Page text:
Senegal v. Fairfield Industries Incorporated

Filing 77

MEMORANDUM OPINION granting 59 Opposed MOTION to Certify Class (Signed by Magistrate Judge Nancy K Johnson) Parties notified.(sjones, 4)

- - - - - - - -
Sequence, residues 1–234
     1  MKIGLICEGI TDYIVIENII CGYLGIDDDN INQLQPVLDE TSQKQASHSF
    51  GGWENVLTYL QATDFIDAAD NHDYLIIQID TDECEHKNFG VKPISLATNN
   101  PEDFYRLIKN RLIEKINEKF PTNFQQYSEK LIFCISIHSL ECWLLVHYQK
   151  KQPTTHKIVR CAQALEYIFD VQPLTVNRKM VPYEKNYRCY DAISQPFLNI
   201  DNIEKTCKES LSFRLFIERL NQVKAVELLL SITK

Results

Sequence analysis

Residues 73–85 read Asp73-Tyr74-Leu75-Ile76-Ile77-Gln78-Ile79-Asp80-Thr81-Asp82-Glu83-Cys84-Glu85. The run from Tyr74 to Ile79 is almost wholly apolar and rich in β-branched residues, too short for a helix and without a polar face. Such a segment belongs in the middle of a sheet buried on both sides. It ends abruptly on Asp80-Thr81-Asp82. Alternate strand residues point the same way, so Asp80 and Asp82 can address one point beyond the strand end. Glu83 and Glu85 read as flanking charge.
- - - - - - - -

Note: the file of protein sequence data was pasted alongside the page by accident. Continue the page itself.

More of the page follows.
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United States District Court Southern District of Texas ENTERED March 27, 2017 IN THE UNITED STATES DISTRICT COURT FOR THE SOUTHERN DISTRICT OF TEXAS HOUSTON DIVISION DARNELL SENEGAL, individually and on behalf of others similarly situated Plaintiff, v. FAIRFIELD INDUSTRIES, INC., d/b/a FAIRFIELD NODAL, Defendant. § § § § § § § § § § § § David J. Bradley, Clerk CIVIL ACTION NO. H-16-2113 MEMORANDUM OPINION Pending before the court1 is Plaintiff’s Motion to Certify Class (Doc. 59). The court has considered the motion, Defendant’s response (Doc. 63), Plaintiff’s reply (Doc. 65), all other relevant filings, and the applicable law. For the reasons set forth below, the court GRANTS Plaintiff’s motion with the modifications to the proposed class notice as discussed herein. I. Darnell Senegal Case Background (“Plaintiff”) filed this action against Fairfield Industries, Inc. (“Defendant”) under the Fair Labor Standards Act2 (“FLSA”).3 Plaintiff alleged that Defendant violated the FLSA by failing to pay Plaintiff and other similarly situated 1 The parties consented to proceed before the undersigned magistrate judge for all proceedings, including trial and final judgment, pursuant to 28 U.S.C. § 636(c) and Federal Rule of Civil Procedure 73. See Doc. 46, Ord. Dated Sept. 27, 2016. 2 See 29 U.S.C. §§ 201-219. 3 See Doc. 41, Pl.’s 1st Am. Compl. employees for hours worked over forty in a week.4 A. Factual Background Defendant offers geological survey services to the oil and gas industry by using oceanographic seismic vessels to perform the surveys.5 These vessels had a marine crew and a seismic crew.6 Plaintiff worked as part of the seismic crew, which consisted of observers, the gun department, mechanics, navigators, and marine mammal observers.7 The observers “were generally responsible for hanging the ‘nodes’ on the lines and deploying and retrieving them” as well as “remov[ing] the nodes after they were retrieved and secur[ing] and stor[ing] the lines and nodes.”8 The gun department’s role was to set up the air guns that were towed behind the vessel on strings, to bring the air guns back on the vessel for storage, and maintain the air guns and firing lines.9 The mechanics maintained the survey equipment, including the compressor for the air guns and the conveyor used in the release and return of the nodes.10 The navigators oversaw the gun mechanics and observers 4 See id. 5 See Doc. 59-1, Ex. A to Pl.’s Mot. to Certify, Decl. of Pl. pp. 1-2. 6 See 7 See Doc. 59-1, Ex. A to Pl.’s Mot. to Certify, Decl. of Pl. p. 2. 8 Id. 9 See id. p. 3. 10 See id. Doc. 63-1, Ex. 1 to Def.’s Resp., Decl. of Comb p. 1. 2 in the collection of data.11 Plaintiff was employed by Defendant from August 1994 to May 2016, and worked as a lineman, boat operator, gun mechanic helper, and gun mechanic shift leader.12 Everyone on the seismic crew was employed by Defendant, and the seismic crew had consistent duties on all of Defendant’s ships.13 When Plaintiff was hired, he was told that he would work a twenty-eight day hitch, followed by twenty-eight days off.14 Plaintiff averred that he was paid on a day-rate basis for twelve hours of work, and that Defendant told him that he would receive overtime if he exceeded twelve hours in a day.15 Plaintiff was scheduled to work twelve hours a day, seven days a week and was additionally required to spent his time off participating in other activities, such as training sessions or unloading food and other supplies.16 Plaintiff averred that he often worked more than twelve hours a day but did not receive compensation for this overtime.17 When Plaintiff was not on board the vessel, he attended licensing classes, submitted to physical exams, and unloaded equipment.18 11 See id. 12 See id. 13 See id. 14 See id. 15 See id. 16 See id. 17 See id. p. 4. 18 See id. p. 4. 3 Plaintiff never recorded his hours while working for Defendant.19 Comb averred that the day-rate included weekly compensation for 47.5 hours of overtime, and that employees had to receive authorization to work more than 87.5 hours a week.20 Defendant paid Plaintiffs pursuant December 2015.21 to this day-rate plan from 2000 through Defendant ceased all operation and ownership of vessels in May 2016.22 B. Procedural Background Plaintiff filed his complaint on July 15, 2016, alleging violations of the FLSA.23 Forty other putative class members have opted into the lawsuit as of the date of this opinion.24 Plaintiff filed an amended complaint on September 26, 2016.25 Plaintiff filed the pending motion to certify class on November 14, 2016, seeking to certify the following class: “All current and former seismic crewmembers employed by [Defendant] and paid on a day-rate basis at any time during the last three years.”26 19 See id. 20 See Doc. 63-1, Ex. 1 to Def.’s Resp., Decl. of Comb p. 4. 21 See id. 22 See id. 23 See Doc. 1, Pl.’s Compl. 24 See Docs. 5-14, 16-22, 25-31, 34-36, 40, 47-51, 53-54, 56-57, 64, 66, 76, Consents to Join a Collective/Class Action. 25 See Doc. 41, Pl.’s 1st Am. Compl. 26 Doc. 59, Pl.’s Mot. to Certify Class p. 2. 4 The proposed class of seismic crewmembers includes: “observers (i.e., the linesman (or line chiefs), junior observers, shift lead observers, chief observers, and party managers); the gun department (i.e., gun mechanic helpers, gun mechanic trainees, gun mechanics, gun shift leaders, and gun mechanic chiefs); the mechanics (i.e., compressor mechanics and back deck mechanics); the navigators (i.e., the navigators, shift lead navigators, navigators); and marine mammal observers.27 court to authorize (1) conditionally notice to certify potential class the and chief Plaintiff asks the proposed members; and class; (3) (2) order Defendant to provide contact information for all seismic crew members who were employed by Defendant, its parent, subsidiaries, or affiliates within the last three years.28 Defendant responded to Plaintiff’s motion to certify class on December 12, 2016, challenging the class and Plaintiff’s form of proposed notice.29 II. The FLSA requires Legal Standard covered employers to pay non-exempt employees for hours worked in excess of defined maximum hours. U.S.C. § 207(a). 29 It allows employees to bring an action against their employers for violation of its hour and wage provisions. See 27 See id. 28 See id. p. 14. 29 See Doc. 63, Def.’s Resp. to Pl.’s Mot. to Certify Class (“Def.’s Resp.”). 5 29 U.S.C. §§ 215-216. An employee may bring this action against his employer on “behalf of himself . . . and other employees similarly situated. No employee shall be a party plaintiff to any such an action unless he gives his consent in writing to become such a party and such consent is filed in the court in which such action is brought.” 29 U.S.C. § 216(b). Courts have the authority to implement the representative action process by facilitating notice to potential plaintiffs, in other words, to persons alleged to be “similarly situated” to the named plaintiff(s). Hoffman-La Roche, Inc. v. Sperling, 493 U.S. 165, 171-74 (1989). In the Fifth Circuit, the determination of whether plaintiffs are similarly situated is generally made by using one of two analyses: (1) the two-step analysis described in Lusardi v. Xerox Corp., 118 F.R.D. 351, 359 (D.N.J. 1987); or (2) the “spurious class action” analysis described in Shushan v. Univ. of Colo., 132 F.R.D. 263 (D. Colo. 1990). See Mooney v. Aramco Servs. Co., 54 F.3d 1207, 1216 (5th Cir. 1995) (expressly declining to decide which of the two analyses is appropriate).30 Under the Lusardi approach, the court first “determines whether the putative class members’ claims are sufficiently similar to merit sending notice of the action to possible members of the class.” Acevedo v. Allsup’s Convenience Stores, Inc., 600 F.3d 30 Mooney was an action under the Age Discrimination in Employment Act (“ADEA”), but it is informative here because the ADEA explicitly incorporates Section 216(b) of the FLSA to also provide for an “opt-in” class action procedure for similarly-situated employees. See Mooney, 54 F.3d at 1212. 6 516, 519 (5th Cir. 2010) (citing Mooney, 54 F.3d at 1213-14). The court makes this determination by using a fairly lenient standard, requiring only “substantial allegations that the putative class members were together the victims of a single decision, policy, or plan.” Mooney, 54 F.3d at 1214 & n.8. If the court determines that the employees are similarly situated, then notice is sent and new plaintiffs may “opt in” to the lawsuit. 519 (citing Mooney, 54 F.3d at 1214). Acevedo, 600 F.3d at Next, once discovery has largely been completed and, thus, more information on the case made available, the court makes a final determination on whether the plaintiffs are similarly situated and whether they can proceed together in a single action. Id. According to the Fifth Circuit, the Shushan approach, known as the “spurious class action” analysis, is similar to the class certification procedure used under Federal Rule of Civil Procedure 23 (“Rule 23”): Shushan espouses the view that [29 U.S.C. § 216(b) (“Section 216(b)”)] merely breathes new life into the socalled “spurious” class action procedure previously eliminated from [Rule 23]. Building on this foundation, the court determined that Congress did not intend to create a completely separate class action structure for the FLSA . . . context, but merely desired to limit the availability of Rule 23 class action relief under . . . [the FLSA]. In application, the court determined that Congress intended the “similarly situated” inquiry to be coextensive with Rule 23 class certification. In other words, the court looks at “numerosity,” “commonality,” “typicality” and “adequacy of representation” to determine whether a class should be certified. Under this methodology, the primary distinction between a . . . [FLSA] representative action and a [Rule 23] class 7 action is that persons who do not elect to opt-in to the . . . [FLSA] representative action are not bound by its results. In contrast, Rule 23 class members become party to the litigation through no action of their own, and are bound by its results. Mooney, 54 F.3d at 1214. The Fifth Circuit has not ruled which method the courts should use to determine whether plaintiffs are sufficiently similarly situated to advance their claims together in a single action under Section 216(b). Acevedo, 600 F.3d at 518-19. Although it has stated that not all class action standards are applicable to Section 216(b) actions, the court has explicitly left open the question of whether the Lusardi approach, the Shushan approach, or a third approach should be used in determining whether employees’ claims are sufficiently similar to support the maintenance of a representative action. Id. (citing Mooney, 54 F.3d at 1216; LaChapelle v. Owens-Ill., Inc., 513 F.2d 286, 288 (5th Cir. 1975)). However, most courts in this district follow the Lusardi approach in suits brought under Section 216(b). See, e.g., Tolentino v. C & J Spec-Rent Servs., Inc., 716 F. Supp.2d 642, 646 (S.D. Tex. 2010) (collecting cases). The Lusardi approach is consistent with Fifth Circuit dicta stating that the two-step approach is the typical manner in which these collective actions proceed. Sandoz v. Cingular Wireless LLC, 553 F.3d 913, 915 n.2 (5th Cir. 2008). The Fifth Circuit has also stated that “[t]here is a fundamental, irreconcilable difference between the class 8 action described by Rule 23 and that provided for by [Section 216(b)],” in other words, the “opt out” procedure for class members under Rule 23 as opposed to the “opt in” procedure under Section 216(b). LaChapelle, 513 F.2d at 288; see also Donovan v. Univ. of Tex. at El Paso, 643 F.2d 1201, 1206 (5th Cir. 1981) (“The FLSA procedure, in effect, constitutes a congressionally developed alternative to the [Rule 23] procedures.”). This court, therefore, will analyze Plaintiff’s claims using the Lusardi method. The present case is at the “notice stage” of the Lusardi analysis. At this stage, the court’s decision is “made using a fairly lenient standard;” a plaintiff need only make a minimum showing to guide the court’s determination whether to issue notice to potential class members. Mooney, 54 F.3d at 1214. In the absence of Fifth Circuit guidance on the appropriate test to use at the notice stage of the Lusardi analysis, courts are split on the appropriate elements to consider in determining whether to grant conditional certification. Some courts use three elements, requiring the plaintiff to show that: (1) there is a reasonable basis for crediting the assertion that aggrieved individuals exist; (2) those aggrieved individuals are similarly situated to the plaintiff in relevant respects given the claims and defenses asserted; and (3) those individuals want to opt in to the lawsuit. See, e.g., Cantu v. Vitol, Inc., No. H-09-0576, 2009 WL 5195918, at *4 (S.D. Tex. Dec. 21, 2009) (unpublished); Tolentino, 9 716 F. Supp.2d at 653. Other courts, however, have rejected the third, non-statutory element. See, e.g., Jones v. Cretic Energy Servs., LLC, 149 F. Supp.3d 761, 768 (S.D. Tex. 2015); Dreyer v. Baker Hughes Oilfield Operations, Inc., No. H-08-1212, 2008 WL 5204149, *3 (S.D. Tex. Dec. 11, 2008) (unpublished); Heckler v. DK Funding, LLC, 502 F. Supp.2d 777, 780 (N.D. Ill. 2007). This court is persuaded by the latter group of cases that have rejected the third element, as it is not statutorily required. See Jones, 149 F. Supp.3d at 762. This reasoning is consistent with the instruction from the Supreme Court that the FLSA be liberally construed to carry out its purposes. Id. (citing Tony & Susan Alamo Found. v. Sec’y of Labor, 471 U.S. 290, 296 (1985)). Therefore, the court finds that it is enough for Plaintiff to present evidence that there may be other aggrieved individuals who should be noticed without requiring evidence that those individuals actually want to join the lawsuit. III. Analysis The court will first address Defendant’s challenges to Plaintiff’s class certification and then will turn to Defendant’s objections to Plaintiff’s proposed class notice. A. Class Certification Defendant argues that Plaintiff’s class should not be certified and reminds the court that certification of a class is not automatic. The court agrees that while the burden for a 10 plaintiff is low, class certification not automatic. See Sandel v. Fairfield Indus., Inc., No. H-13-1596, 2014 WL 1379902 (S.D. Tex. Apr. 8, 2014)(unpublished). In order to obtain a class certification, Plaintiff must show “substantial allegations that the putative class members were together the victims of a single decision, policy, or plan infected by discrimination.” F.3d at 1214 & n. 8. Mooney, 54 Plaintiff must provide evidence to establish a reasonable belief that aggrieved individuals exist and that the aggrieved individuals are similarly situated. Cantu, 2009 WL 5195918, at *4. 1. Exemptions After this lawsuit was filed, forty individuals filed opt-in notices. Defendant specifically challenges the opt-in marine crew members, arguing that they should be dismissed because, as seamen, they are exempt from the FLSA. Defendant states that despite Plaintiff’s agreement that the marine crew members were not proper opt-ins in this case and would be dismissed, no motion to dismiss has been filed. Defendant also contends that some of the putative class members are exempt under 29 U.S.C. § 213(f) because they worked on foreign-flagged vessels in foreign territories. final exemption Defendant raises is that managerial The offshore seismic crew positions were exempt under 29 U.S.C. § 213(a)(1). Exemption defenses “are merits-based defenses to FLSA claims that courts in this district typically hold to be irrelevant at 11 this initial, notice stage of the case.” Jones, 149 F. Supp.3d at 768 (S.D. Tex. 2015) (providing examples of other cases supporting this proposition); see also Turner v. Nine Energy Serv., No. H-153670, 2016 WL 6638849 (S.D. Tex. Oct. 4, 2016)(unpublished). Even if an exemption defense may apply to a case, that is not enough to prevent conditional certification of a class. Dreyer, 2008 WL 5204149, at *3 (citing Foraker v. Highpoint Sw., Servs., LP, No. H06-1856, 2006 WL 2585047, at *4 & n. 16 (S.D. Tex. Sept. 7, 2006)(unpublished)); see also Albanil v. Coast 2 Coast, Inc., No. H-08-486, 2008 WL 4937565, at *7 (S.D. Tex. Nov. 17, 2008)(unpublished)(“defendants’ assertion of an exemption, alone, is an insufficient basis for denying conditional certification and notice”). The second stage of the Lusardi analysis is “typically precipitated by a motion for ‘decertification’ by the defendant usually filed after discovery is largely complete . . . [a]t this stage, the court has much more information on which to base its decision, and makes a factual determination on the similarly situated question.” are properly Mooney, 54 F.3d at 1214. considered in the second Exemption defenses stage of the Lusardi analysis. Falcon v. Starbucks Corp., 580 F. Supp.2d 528, 534 (S.D. Tex. 2008). Therefore, Defendant’s arguments that the putative class members are not similarly situated because of the applicability of 12 certain merits-based exemption defenses are not proper to defeat class certification. These merits-based defenses are more properly raised in a later stage of the lawsuit. 2. Marine Crew Defendant’s argument that the marine crew members are exempt from the FLSA and therefore are not properly part of this lawsuit arguably falls within the merits-based exemption defense that may only be considered after the conditional certification stage. However, the court finds that the marine crew members are not properly a part of this lawsuit, as Plaintiff has only asked the court to certify a class of seismic crew members. Despite this limitation, a number of the marine crew have filed consents to join the class. Comb averred that the following opt-ins were members of the marine crew, not the seismic crew during the relevant time period for this case: Adamo Carey, William McIntyre, Clary Reed, Phillip Thompson, Eugene Williams, Eric Johnson, Darrell Hoover, John Harper, Randel Hansen, Dale Williams, Stephen Hawkins, Charles Hines, Justin Mather, Marcus Bartlett, Joseph Honaker, Cedric Braxton, and Arnel Vasquez.31 Furrow, Brian The court will only certify a class for seismic crew members, so to the extent that marine crew members have opted into this lawsuit, they are dismissed as they are not part of the class that Plaintiff has asked the court to certify. 31 See id. p. 4. 13 3. Pre- and Post- Shift Claims Defendant challenges Plaintiff’s proposed class, arguing that Plaintiff’s pre- and post-shift claims require an individualized analysis making the putative class members not similarly situated. The court agrees with Defendant that whether the putative class members claims for pre- and post-shift work are compensable must be analyzed under the Integrity Staffing Solutions, Inc. v. Busk, ___ U.S. ___, 135 S. Ct. 513 (2014) framework. WL 7709583, at *2. of analysis makes Sandel, 2015 However, the court does not find that this type the putative class members not similarly situated. In the thirteen declarations submitted by Plaintiff, the putative class members aver that they all had to complete workrelated activities such as attending meetings and trainings and helping load supplies onto the vessel outside of their normal work hours. In support of its motion, Defendant cites non-controlling authority and argues that this type of analysis makes conditional certification improper. However, the court is unaware of any case from this circuit supporting this argument, and in Sandel, the court certified a similar class against Defendant, based on similar claims of pre- and post-shift work. Plaintiff may assert pre- and post-shift claims on a class basis. 4. Appropriate Pay Policies Defendant argues that because its pay policies were appropriate and the putative class members were compensated for 14 overtime, Plaintiff’s motion for class certification should be denied. When an employer has and enforces appropriate pay policies, courts are reluctant to grant conditional certification. Lindsey v. Harris County, No. H-15-630, 2015 WL 6835408, at *5 (S.D. Tex. Nov. 6, 2015)(unpublished)(citing Nieddu v. Lifetime Fitness, 977 F. Supp.2d 686, 703 (S.D. Tex. 2013)). Defendant has provided evidence that: (1) its day rate took into account that Plaintiff and other opt-ins were compensated for 87.50 hours per week that included 47.50 hours of overtime compensation at the overtime rate; and (2) most of the opt-in plaintiffs signed an acknowledgment form that explained the calculation of the day-rate plan and notified them that they were to obtain permission if they worked over 87.50 hours in a workweek. However, in the declarations submitted in support of this motion, the opt-ins averred that they were not paid overtime and that they regularly worked more than twelve hours a day. Additionally, Plaintiff challenges Defendant’s assertion that its day-rate policy was appropriate under the Department of Labor’s regulations. Unlike in Lindsey, where the declarants had no personal knowledge that others worked more than forty hours a week, thirteen opt-ins in this action have submitted declarations stating that they were subject to Defendant’s day-rate plan, and through conversations with other coworkers, knew that others were subject 15 to the same plan, demonstrating a common policy or plan affecting the putative class members. Notably, Defendant does not challenge the existence of a common pay policy or plan. 5. Job Positions and Responsibilities Defendant argues that the putative class members are not similarly situated because their jobs consisted of vastly different requirements. Plaintiff argues that the opt-ins do not need to have identical job duties for class certification and that they were all subject to the common policy or plan of day-rate pay. Job positions “need not need be identical” but must be similar enough to arise under circumstances that apply equally to all potential class members. Lindsey, 2015 WL 6835408, at *6 (citing Nieddu, 977 F. Supp.2d at 691); Tolentino, 716 F. Supp.2d at 647. In support of his motion to certify class, Plaintiff submitted thirteen declarations from opt-ins that discussed their past work for Defendant. While the job titles held by the opt-ins may have varied, all worked for Defendant as members of the seismic crew and were subject to a common plan or policy. The court finds that Plaintiff has met his burden to show that there are aggrieved individuals who are similarly situated. 6. Scope of the Class Defendant takes issue with the scope of the class as defined by Plaintiff in its motion to certify. Defendant does not dispute in its response that the seismic crew includes the positions as 16 defined by Plaintiff in his motion. However, Defendant argues that the scope is broader than what Plaintiff sought in his amended complaint which included only linemen and gun mechanics and broader than the scope of the class in Sandel. In Sandel, the plaintiff asked for the certification of a class of seismic crewmembers that included compressor mechanics, air gun mechanics (including gun mechanic helpers), back deck mechanics, and line chiefs. Sandel v. Fairfield Indus., Inc., No. H-13-CV-1596, Doc. 9 n. 1 (S.D. Tex. Nov. 15, 2013). The court acknowledges that the class as proposed is broader than the amended complaint. However, in light of the numerous declarants who have averred that as members of the seismic crew they were subject to a single pay policy, as a matter of judicial economy, the court will not require piecemeal litigation. The class will encompass all of those persons on a seismic crew who were subject to a day-rate compensation plan. B. Proposed Notice Defendant objects to Plaintiff’s proposed form of notice on several bases.32 1. Court-Sponsored Notice Defendant objects to a court-sponsored notice in this case, arguing that it would not serve the purposes of the FLSA. 32 In his reply, Plaintiff states that he will work with Defendant’s counsel to fix any disputes over the proposed notice. However, the court still is inclined to rule on Defendant’s objections to the proposed notice. 17 Defendant states that notice in this case is unnecessary because of the Sandel litigation and complains that Plaintiffs’ attorneys used that lawsuit to create interest in this case. “Courts have distributed.” discretion in deciding how notice is Sandel, 2014 WL 1379902, at *4 (citing Mooney, 54 F.3d at 1214). The court finds that the broad remedial purposes of the FLSA warrant exceptions. notice to potential class members with no Therefore, the court finds that it is proper to have court-sponsored notice in this case. 2. Form and Contents Defendant raises several objections to the form and contents of Plaintiff’s proposed notice, including: (1) the scope of the class; (2) the notice’s neutrality is not emphasized; (3) the lack of specificity; (4) the failure to explain of Defendant’s bases for disputing liability; (5) the absence of a description of the potential class member’s rights; and (6) the absence of information about the potential class member’s obligations. Defendant’s objection that the scope of the class should be limited to air gun mechanics and linemen is overruled, for the reasons explained above. Defendant also objects that the time period should be limited from July 15, 2013, to December 18, 2015, as Defendant ceased the day-rate payment plan on the latter date. Plaintiff does not contest this argument, however as the class includes only those persons who were paid on a day-rate basis, the 18 class should not include post-December 18, 2015 claims. Defendant complains that the notice does not make it clear that the court is a neutral party authorization is emphasized too much. and that the court’s In In re Wells Fargo Wage & Hour Employment Practices Litigation (No. III), No. H-11-2266, 2013 WL 2180014, at *5 (S.D. Tex. May 17, 2013)(unpublished), the court found that the inclusion of a statement about the court’s authorization of the notice was proper because it “merely state[d] a fact” and its inclusion clarified the stage of the lawsuit. Here, the court agrees, finding that the statement in the notice that the court has approved the notice is merely stating a fact. Additionally, the first section of the notice contains a clear statement of neutrality that “the Court has not expressed any view as to whether any current or former [employees of Defendant] are owed unpaid overtime.”33 Finally, the court finds that it is necessary to let the potential class members know the stage of the lawsuit by including the statement that the notice has been approved by the court. See id. Therefore, Defendant’s objection is overruled. Defendant next objects that the notice does not provide enough background information to potential class members and that it is too broad because it states that seismic workers can pursue any 33 The court finds that Plaintiff left out “employees of” in this sentence and orders Plaintiff to add this in to make it clear to whom it is referring. 19 claims for unpaid wages. The court overrules this objection because the notice makes clear that the lawsuit has been brought for unpaid overtime, as evidenced by the statement that “[f]ormer seismic workers have brought a lawsuit against [Defendant] for unpaid overtime pay.”34 Defendant argues that the notice does not include a brief explanation of its legal bases for disputing liability. The statement included in the notice, as to Defendant’s denial of liability, states that Defendant “denies that it did anything wrong and that any of its employees are entitled to additional pay.”35 In Tolentino and Yaklin v. W-H Energy Servs., Inc., No. C-07-422, 2008 WL 1989795, at *4 (S.D. Tex. May 2, 2008)(unpublished), the court held that the notice should include a brief explanation of the bases on which defendants were disputing liability. The court finds that Defendant’s objection should be overruled. Defendant complains that the proposed notice is not clear about the potential class members’ rights and should include a statement that the potential class members may choose their own counsel. The court agrees, sustaining Defendant’s objection, as the notice “must inform potential class Plaintiffs that they may contact any attorney of their choosing to discuss the case.” 34 Doc. 59-14, Ex. N to Pl.’s Mot. to Certify Class, Proposed Notice p. 35 Id. 1. 20 Tolentino, 716 F. Supp.2d at 655 (citing Yaklin, 2008 WL 1989795, at *4; Moran v. Ceiling Fans Direct, Inc., No. H-06-0813, 2006 WL 2868939, at *2 (S.D. Tex. Oct. 5, 2006)(unpublished)). Defendant also challenges the notice’s advisement about the applicable statute of limitations, arguing that the language is too strong. In In re Wells Fargo, the court revised the language regarding the statute of limitations, stating that it was “too coercive” because it “improperly ma[de] it appear that all potential plaintiffs must opt in to this lawsuit if they desire[d] to bring claims.” 2013 WL 2180014, at *6. However, the language regarding the statute of limitations in this case is not as coercive, as the proposed notice merely explains that potential class members are “under no obligation to join” but that “[e]very day that passes potentially reduces any recovery you might receive because of the law’s statute of limitations.”36 The court finds that this language is not overly coercive and adequately informs potential class members about their rights under the law. Defendant’s final objection to the form and contents of the notice is that the potential class members should be warned of their obligations if they join their lawsuit. Defendant first takes issue with the statement that the opt-in plaintiffs “will not have to pay the lawyers, win or lose,” stating that it “alludes to a fee contract and counsel’s intent to seek attorney fees should 36 Id. 21 they prevail.”37 about the fee Defendant demands the inclusion of more detail agreement in the proposed notice. The court overrules this objection because Plaintiff does more than “allude” to a fee contract. Plaintiff states that there is a fee contract that governs how the lawyers will be paid and that the lawyers will pursue payment from Defendant if they prevail in the action. However, the court agrees with Defendant’s other objection that it is appropriate that potential class members be advised that they may have to participate in written and oral discovery, or testify at trial, and thereby orders Plaintiff to include this information in the proposed notice. 3. Notice Process Defendant challenges the notice process, arguing that the signed opt-in forms should be sent directly to the court by the opt-in plaintiffs and not to Plaintiff’s counsel. The court has no objection to what appears to be the usual practice that a plaintiff’s counsel collects the signed opt-in notices and files them with the court by the ordered deadline. Plaintiff requests that reminder notice be sent to potential class members by mail and email thirty days after the first notice is sent. Defendant objects that it is unnecessary in this case because Plaintiff has not identified any reason for why a reminder notice is necessary. 37 Doc. 63, Def.’s Resp. p. 29. 22 “District courts are split as to whether reminder notices to potential class members are proper in FLSA actions” but “they have denied requests for reminder notices . . . upon finding them unnecessary.” Jones, 149 F. Supp.3d at 776. Here, Plaintiff has failed to provide a reason in its motion or reply why he believes that a reminder notice may be necessary in this case. Therefore, the court sustains Defendant’s objection and declines to authorize a reminder notice at this time. IV. Conclusion Based on the foregoing, the court GRANTS Plaintiff’s motion to certify class. The court CERTIFIES this matter as a collective action under 29 U.S.C. § 216(b) with respect to the following class: All current and former seismic crewmembers employed by [Defendant] and paid on a day-rate basis at any time during the last three years.38 Defendant shall provide Plaintiff, within fourteen days of this opinion, with a list of verified contact information, including names, last known addresses, and email addresses, for all seismic crew members who were employed by Defendant, its parent, subsidiaries, or affiliates within the last three years. 38 As per Plaintiff’s definition, seismic crewmembers include: “observers (i.e., the linesman (or line chiefs), junior observers, shift lead observers, chief observers, and party managers); the gun department (i.e., gun mechanic helpers, gun mechanic trainees, gun mechanics, gun shift leaders, and gun mechanic chiefs); the mechanics (i.e., compressor mechanics and back deck mechanics); the navigators (i.e., the navigators, shift lead navigators, and chief navigators); and marine mammal observers. 23 Plaintiff shall have fourteen days from the receipt of this information to mail the proposed notice, amended as discussed above, to the potential class members. The opt-in period shall be sixty days from the date the notice is mailed. SIGNED in Houston, Texas, this 27th day of March, 2017. ______________________________ U.S. MAGISTRATE JUDGE 24